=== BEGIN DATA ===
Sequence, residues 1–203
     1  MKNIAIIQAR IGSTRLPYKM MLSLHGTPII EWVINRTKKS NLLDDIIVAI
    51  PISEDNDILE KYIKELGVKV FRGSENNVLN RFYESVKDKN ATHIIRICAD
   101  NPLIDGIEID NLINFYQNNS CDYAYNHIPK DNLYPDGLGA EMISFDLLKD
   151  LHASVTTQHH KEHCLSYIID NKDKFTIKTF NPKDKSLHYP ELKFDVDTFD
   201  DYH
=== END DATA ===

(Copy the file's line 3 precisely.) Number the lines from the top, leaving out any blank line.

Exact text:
    51  PISEDNDILE KYIKELGVKV FRGSENNVLN RFYESVKDKN ATHIIRICAD